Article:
18 days later and almost 100 tons of trash removed later, the decomposing and rat gnawed corpse of Langley was discovered, crushed in one of his own booby trap warrens. Medical examiners concluded that Langley had died a week earlier than his brother and Homer, blind and crippled, died several days later of malnutrition, dehydration, and cardiac arrest. Not a happy way to go.



So kids, clean your room and get outside and play with your friends.


March 21, 1962 -
A two-year old female black bear, named Yogi, was taken aboard a B-58 bomber out of Edwards Air Force Base in California, flown up to 35,000 feet at a supersonic speed of 850 miles per hour, and ejected from the bomber in a specially made capsule. She landed safely, and became the first living creature to survive a parachute jump from a plane flying faster than sound.

Imagine what PETA would have made of this test at the time.


March 21, 1963 -
Alcatraz Prison was closed at the order of Attorney General Robert F. Kennedy on this date.



Hardened criminals would have to go elsewhere to experience the joys of prison sex by the sea.


March 21, 1970 -
On this date, Vinko Bogataj crashes during a ski-jumping championship in Germany;



his image becomes that of the "agony of defeat" guy in the opening credits of ABC's Wide World of Sports.


March 21, 1976 -
David Bowie and Iggy Pop were arrested on suspicion of marijuana possession in New York. They were released on $2,000 bail. The charges were later dropped.



Musicians using drugs - shocking, shocking, I tell you.


March 21, 1980 -
Mobster Angelo The Docile Don Bruno was killed with a shotgun blast to the head while he waits in his car after dinner. The order was probably ordered Anthony Tony Bananas Caponigro, Bruno's consigliere, so much for family loyalty. His replacement, one of Bruno's former capo Phil Chicken Man Testa, is short lived, as he is killed a year later by a nail bomb at his home.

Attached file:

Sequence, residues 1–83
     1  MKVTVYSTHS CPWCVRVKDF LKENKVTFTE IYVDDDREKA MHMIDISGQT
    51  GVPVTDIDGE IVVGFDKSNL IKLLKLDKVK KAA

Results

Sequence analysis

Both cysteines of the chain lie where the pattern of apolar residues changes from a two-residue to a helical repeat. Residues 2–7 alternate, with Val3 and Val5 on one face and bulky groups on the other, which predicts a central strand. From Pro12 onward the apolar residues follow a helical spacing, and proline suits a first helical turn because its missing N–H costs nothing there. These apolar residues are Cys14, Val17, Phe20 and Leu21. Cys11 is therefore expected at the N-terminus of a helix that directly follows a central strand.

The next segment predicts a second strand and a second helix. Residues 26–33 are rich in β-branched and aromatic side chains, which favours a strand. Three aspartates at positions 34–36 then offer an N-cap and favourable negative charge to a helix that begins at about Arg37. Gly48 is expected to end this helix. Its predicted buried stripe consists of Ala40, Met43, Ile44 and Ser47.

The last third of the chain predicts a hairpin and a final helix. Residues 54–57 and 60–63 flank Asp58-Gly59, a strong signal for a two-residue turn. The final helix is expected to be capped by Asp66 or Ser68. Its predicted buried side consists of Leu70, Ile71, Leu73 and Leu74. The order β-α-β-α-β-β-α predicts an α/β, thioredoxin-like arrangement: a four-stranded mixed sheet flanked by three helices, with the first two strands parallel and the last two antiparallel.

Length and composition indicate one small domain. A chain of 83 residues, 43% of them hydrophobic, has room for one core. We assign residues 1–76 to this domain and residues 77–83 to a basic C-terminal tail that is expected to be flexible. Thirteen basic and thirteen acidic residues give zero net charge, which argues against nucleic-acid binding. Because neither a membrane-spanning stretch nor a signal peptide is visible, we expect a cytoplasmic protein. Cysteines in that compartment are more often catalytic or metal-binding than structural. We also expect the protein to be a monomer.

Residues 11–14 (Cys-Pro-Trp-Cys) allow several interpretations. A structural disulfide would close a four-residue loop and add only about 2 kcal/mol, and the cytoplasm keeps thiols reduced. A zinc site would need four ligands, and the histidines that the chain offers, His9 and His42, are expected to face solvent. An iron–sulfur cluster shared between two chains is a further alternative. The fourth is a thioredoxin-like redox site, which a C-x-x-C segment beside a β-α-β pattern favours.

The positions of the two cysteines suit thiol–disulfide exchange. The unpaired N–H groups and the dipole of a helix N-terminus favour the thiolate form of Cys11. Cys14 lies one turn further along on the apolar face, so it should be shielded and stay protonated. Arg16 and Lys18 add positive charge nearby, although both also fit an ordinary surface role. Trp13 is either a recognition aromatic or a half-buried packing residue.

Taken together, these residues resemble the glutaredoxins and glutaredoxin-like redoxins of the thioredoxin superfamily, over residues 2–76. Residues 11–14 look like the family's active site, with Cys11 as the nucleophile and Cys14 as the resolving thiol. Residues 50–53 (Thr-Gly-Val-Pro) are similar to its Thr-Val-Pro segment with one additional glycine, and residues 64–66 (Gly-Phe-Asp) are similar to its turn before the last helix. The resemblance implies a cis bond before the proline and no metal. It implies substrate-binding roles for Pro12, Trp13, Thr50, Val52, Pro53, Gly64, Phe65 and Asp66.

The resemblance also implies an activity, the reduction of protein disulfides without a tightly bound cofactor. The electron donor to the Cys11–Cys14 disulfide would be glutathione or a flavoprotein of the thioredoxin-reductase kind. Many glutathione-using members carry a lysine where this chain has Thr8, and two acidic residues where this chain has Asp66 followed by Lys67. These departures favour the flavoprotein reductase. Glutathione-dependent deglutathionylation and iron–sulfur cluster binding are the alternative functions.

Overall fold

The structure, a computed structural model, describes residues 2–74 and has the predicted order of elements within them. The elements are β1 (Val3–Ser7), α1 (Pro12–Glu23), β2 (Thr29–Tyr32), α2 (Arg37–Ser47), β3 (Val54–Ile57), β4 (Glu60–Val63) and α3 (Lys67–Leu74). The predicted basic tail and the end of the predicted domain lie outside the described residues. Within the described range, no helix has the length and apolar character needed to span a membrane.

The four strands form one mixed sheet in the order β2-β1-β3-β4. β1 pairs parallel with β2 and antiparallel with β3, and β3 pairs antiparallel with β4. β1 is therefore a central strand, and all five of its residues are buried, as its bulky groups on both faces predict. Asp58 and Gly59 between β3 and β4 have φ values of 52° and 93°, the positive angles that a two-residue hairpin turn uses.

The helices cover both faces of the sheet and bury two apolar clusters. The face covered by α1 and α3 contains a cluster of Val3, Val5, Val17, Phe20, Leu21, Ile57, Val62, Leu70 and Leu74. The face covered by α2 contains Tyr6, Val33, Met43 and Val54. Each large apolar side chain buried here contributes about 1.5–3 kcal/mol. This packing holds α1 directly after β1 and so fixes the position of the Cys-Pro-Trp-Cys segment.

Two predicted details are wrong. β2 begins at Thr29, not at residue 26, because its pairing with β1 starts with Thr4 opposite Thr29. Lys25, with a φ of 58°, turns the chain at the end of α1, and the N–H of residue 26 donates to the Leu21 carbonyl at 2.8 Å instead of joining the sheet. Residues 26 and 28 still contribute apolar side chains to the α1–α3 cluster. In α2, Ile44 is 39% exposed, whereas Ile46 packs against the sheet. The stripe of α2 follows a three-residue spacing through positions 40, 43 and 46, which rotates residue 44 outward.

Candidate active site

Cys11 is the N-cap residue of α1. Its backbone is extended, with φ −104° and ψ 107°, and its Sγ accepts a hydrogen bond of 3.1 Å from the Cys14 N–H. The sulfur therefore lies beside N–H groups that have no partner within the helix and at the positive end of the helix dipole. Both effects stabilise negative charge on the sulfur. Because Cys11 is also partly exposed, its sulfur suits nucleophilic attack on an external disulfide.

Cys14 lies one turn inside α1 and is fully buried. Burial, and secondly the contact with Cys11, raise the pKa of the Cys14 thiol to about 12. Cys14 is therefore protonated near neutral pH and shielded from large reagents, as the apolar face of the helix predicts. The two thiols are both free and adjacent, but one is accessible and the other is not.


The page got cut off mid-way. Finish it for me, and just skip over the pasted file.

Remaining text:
One must assume that their parents knew something about their future careers when giving them middle names.


Today's episode of Oh, that Wacky Russian Revolution:

The Russian Royal family was having a really bad day. On March 21, 1917, Nicholas II and his family were arrested. It was a confused and confusing period, and the situation would only continue to deteriorate until the October Revolution (in November).

The eventual triumph of the proletariat, as everyone knows, finally put an end to all the suffering and oppression in Russia.

Since yesterday was Fred Rogers birthday, I believe an important comparison should be shown to help you better understand the Russian Imperial dynasty:

Hereditary heads of the Romanov Russian empire, 1613-1917: 19
Hosts of the long-running PBS series Mr Rogers’ Neighborhood: 1
Russian heads of state to have died by natural causes: 10
On-screen deaths on Mr. Rogers’ Neighborhood: 0
Average length of Russian reign, in years: 15.6
Years Mr. Rogers’ Neighborhood ran: 31
Russian emperors to die of dropsy: 1
Dropsy deaths in the Neighborhood of Make-Believe: 0
Russian emperors assassinated: 5
Assassination attempts on the life of King Friday XIII: 0
Bolshevik Revolutions in the Neighborhood of Make Believe: 0

Please be prepared for a quiz tomorrow.



And so it goes.


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Before you go - While I'm not a big fan of Graham Norton, the producers of The Graham Norton Show created a very funny clip reel of some of the funniest couch stories they have:



I wholly endorse the guest on talk shows drinking.